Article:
Pollock at Center of Sustainability Storm

By

James Wright, Senior Editor

Published on
December 9, 2008

The Marine Stewardship Council is taking offense to the Greenpeace attacks against Alaska’s pollock industry — as it should. The London nonprofit determined just three years ago that the fishery was sustainable and well managed and awarded it with the coveted eco-label. As the pollock quota appears headed for a second straight year of cuts, it became time to defend management practices despite the ominous-looking numbers.

The North Pacific Fishery Management Council, which will determine the 2009 quota this week in Anchorage, Alaska, says pollock stocks are strong but in a down cycle. After it cut this year’s quota by 28 percent to 1 million metric tons, government scientists last month recommended another quota reduction for 2009 to about 815,000 tons.

Phil Kline, senior Oceans campaigner for Greenpeace and a California commercial fisherman of nearly three decades, told me last week the quota should be about half that.

“The council is hanging its hat on the 2006 year class as fish that will be harvested in the next couple of years. It’s a very risky way to prosecute a fishery,” says Kline. “We disagree with this MSC certification. The way we prosecute the fishery has shown through history that it’s not sustainable.”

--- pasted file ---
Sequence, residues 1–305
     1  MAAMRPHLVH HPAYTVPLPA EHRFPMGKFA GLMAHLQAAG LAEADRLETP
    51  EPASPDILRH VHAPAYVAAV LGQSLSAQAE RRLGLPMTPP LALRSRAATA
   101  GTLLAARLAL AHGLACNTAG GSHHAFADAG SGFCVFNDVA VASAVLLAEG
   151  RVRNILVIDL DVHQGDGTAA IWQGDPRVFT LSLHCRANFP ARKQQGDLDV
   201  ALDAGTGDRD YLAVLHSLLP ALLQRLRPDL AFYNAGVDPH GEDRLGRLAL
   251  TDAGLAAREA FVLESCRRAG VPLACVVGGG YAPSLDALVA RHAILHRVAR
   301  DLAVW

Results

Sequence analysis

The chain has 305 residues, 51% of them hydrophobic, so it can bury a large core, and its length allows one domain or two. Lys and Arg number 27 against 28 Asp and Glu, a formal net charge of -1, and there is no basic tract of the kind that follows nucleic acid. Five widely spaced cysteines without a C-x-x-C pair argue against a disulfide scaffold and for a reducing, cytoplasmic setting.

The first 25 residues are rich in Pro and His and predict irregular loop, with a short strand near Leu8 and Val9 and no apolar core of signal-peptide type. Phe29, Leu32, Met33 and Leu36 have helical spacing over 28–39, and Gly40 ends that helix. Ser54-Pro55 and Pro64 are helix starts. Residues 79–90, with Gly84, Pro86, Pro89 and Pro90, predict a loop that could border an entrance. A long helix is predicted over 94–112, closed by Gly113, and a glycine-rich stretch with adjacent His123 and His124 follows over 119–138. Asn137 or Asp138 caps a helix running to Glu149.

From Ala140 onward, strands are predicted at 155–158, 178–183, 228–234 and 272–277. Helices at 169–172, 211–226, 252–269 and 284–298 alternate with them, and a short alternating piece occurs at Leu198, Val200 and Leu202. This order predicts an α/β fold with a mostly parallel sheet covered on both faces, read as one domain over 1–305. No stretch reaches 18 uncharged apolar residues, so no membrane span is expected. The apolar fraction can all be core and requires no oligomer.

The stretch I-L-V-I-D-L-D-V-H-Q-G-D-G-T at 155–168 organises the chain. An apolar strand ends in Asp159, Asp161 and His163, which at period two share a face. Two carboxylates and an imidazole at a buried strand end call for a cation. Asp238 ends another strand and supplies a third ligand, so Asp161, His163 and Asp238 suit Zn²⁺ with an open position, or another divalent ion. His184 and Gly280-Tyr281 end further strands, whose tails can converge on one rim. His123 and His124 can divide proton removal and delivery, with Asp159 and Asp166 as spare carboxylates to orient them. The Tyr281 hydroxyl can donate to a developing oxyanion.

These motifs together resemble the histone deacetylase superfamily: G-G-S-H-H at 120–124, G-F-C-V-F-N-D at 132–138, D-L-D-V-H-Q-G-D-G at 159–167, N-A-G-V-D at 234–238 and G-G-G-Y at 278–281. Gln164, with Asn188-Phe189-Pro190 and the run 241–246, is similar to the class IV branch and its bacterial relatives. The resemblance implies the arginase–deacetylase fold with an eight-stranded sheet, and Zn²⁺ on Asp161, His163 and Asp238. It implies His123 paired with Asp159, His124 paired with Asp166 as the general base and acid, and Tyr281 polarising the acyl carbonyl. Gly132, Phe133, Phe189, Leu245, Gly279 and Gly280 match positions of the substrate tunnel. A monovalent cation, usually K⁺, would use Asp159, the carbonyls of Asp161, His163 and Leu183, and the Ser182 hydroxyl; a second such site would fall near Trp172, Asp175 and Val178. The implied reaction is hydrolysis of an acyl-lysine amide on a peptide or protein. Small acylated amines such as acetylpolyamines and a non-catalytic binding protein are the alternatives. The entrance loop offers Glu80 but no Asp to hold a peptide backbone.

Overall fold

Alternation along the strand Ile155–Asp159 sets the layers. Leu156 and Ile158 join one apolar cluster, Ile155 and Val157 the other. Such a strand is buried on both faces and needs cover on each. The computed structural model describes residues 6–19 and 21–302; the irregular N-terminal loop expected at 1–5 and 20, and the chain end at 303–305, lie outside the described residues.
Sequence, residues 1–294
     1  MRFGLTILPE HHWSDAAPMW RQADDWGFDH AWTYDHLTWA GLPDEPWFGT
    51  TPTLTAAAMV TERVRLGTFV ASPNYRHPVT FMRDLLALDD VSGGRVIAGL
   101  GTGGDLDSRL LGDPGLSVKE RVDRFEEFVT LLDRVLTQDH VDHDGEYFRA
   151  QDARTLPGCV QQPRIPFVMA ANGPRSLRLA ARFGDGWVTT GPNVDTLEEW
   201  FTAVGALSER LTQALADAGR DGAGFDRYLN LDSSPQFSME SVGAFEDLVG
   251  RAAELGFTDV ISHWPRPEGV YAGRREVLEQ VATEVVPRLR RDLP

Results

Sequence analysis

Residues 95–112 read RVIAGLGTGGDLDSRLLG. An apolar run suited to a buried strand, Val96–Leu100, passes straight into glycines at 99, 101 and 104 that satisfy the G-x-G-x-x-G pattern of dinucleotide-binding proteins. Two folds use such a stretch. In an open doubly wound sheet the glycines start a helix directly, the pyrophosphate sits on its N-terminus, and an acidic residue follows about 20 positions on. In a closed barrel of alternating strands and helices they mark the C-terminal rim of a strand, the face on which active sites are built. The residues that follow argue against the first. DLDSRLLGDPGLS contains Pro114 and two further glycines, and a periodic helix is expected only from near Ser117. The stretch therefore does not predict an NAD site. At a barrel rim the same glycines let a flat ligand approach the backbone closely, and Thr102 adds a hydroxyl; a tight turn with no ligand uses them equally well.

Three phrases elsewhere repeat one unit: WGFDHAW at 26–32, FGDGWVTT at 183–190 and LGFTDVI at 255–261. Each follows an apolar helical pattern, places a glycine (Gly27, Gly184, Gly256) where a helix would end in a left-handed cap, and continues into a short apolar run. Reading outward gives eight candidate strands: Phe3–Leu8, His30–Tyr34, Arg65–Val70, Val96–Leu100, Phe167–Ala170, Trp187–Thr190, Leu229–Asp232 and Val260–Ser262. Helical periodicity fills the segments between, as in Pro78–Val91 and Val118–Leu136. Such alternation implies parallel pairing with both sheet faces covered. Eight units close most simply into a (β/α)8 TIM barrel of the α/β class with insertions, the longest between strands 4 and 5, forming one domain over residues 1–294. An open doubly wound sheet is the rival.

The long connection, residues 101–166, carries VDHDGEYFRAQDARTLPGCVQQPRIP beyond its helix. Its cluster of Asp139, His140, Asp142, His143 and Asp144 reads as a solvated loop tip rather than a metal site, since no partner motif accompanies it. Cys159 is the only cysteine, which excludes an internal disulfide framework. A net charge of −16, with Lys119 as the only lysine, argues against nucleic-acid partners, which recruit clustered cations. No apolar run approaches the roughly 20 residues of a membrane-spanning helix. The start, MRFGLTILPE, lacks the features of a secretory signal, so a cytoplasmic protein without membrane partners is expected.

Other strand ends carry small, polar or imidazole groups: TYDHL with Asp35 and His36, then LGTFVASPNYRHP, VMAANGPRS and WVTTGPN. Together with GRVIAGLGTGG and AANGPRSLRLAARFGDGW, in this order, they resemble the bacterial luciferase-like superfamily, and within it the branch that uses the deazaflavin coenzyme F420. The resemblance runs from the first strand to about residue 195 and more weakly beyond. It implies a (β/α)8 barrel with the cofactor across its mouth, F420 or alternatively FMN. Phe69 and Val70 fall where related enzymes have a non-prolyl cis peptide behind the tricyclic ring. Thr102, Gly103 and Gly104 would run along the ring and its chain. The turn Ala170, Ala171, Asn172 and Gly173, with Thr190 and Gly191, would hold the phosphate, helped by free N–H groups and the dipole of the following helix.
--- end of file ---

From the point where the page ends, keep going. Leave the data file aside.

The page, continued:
Greenpeace is devoting a lot of time to seafood lately. Just yesterday the group released version 2.0 of its retailer report card, “Carting Away the Oceans: How Grocery Stores are Emptying the Seas.” The original report, released in June, was largely ignored by the retailers it ranked (and failed) and by the media as well. Greenpeace likely hopes that passing four retailers — barely — will earn more press for its sustainable seafood campaign.

There are times to ignore Greenpeace’s tactics, just as there are times to take the group on and rebut its claims and antics.

So on Monday MSC denounced a TV ad that Greenpeace aired in Seattle and Alaska claiming commercial pollock fishing is devastating the resource and the ecosystem. MSC can’t afford to be wrong — or even appear to be — about the fisheries it certifies. This is not Sweden’s Lake Hjälmaren pikeperch gillnet fishery we’re talking about — it’s Alaska pollock, the largest whitefish resource in the world.

MSC clearly needs to protect the integrity and value of its eco-label to keep the sustainability movement moving forward. Today it’s Alaska pollock. Tomorrow?

Thank you,
James Wright
Assistant Editor
SeaFood Business

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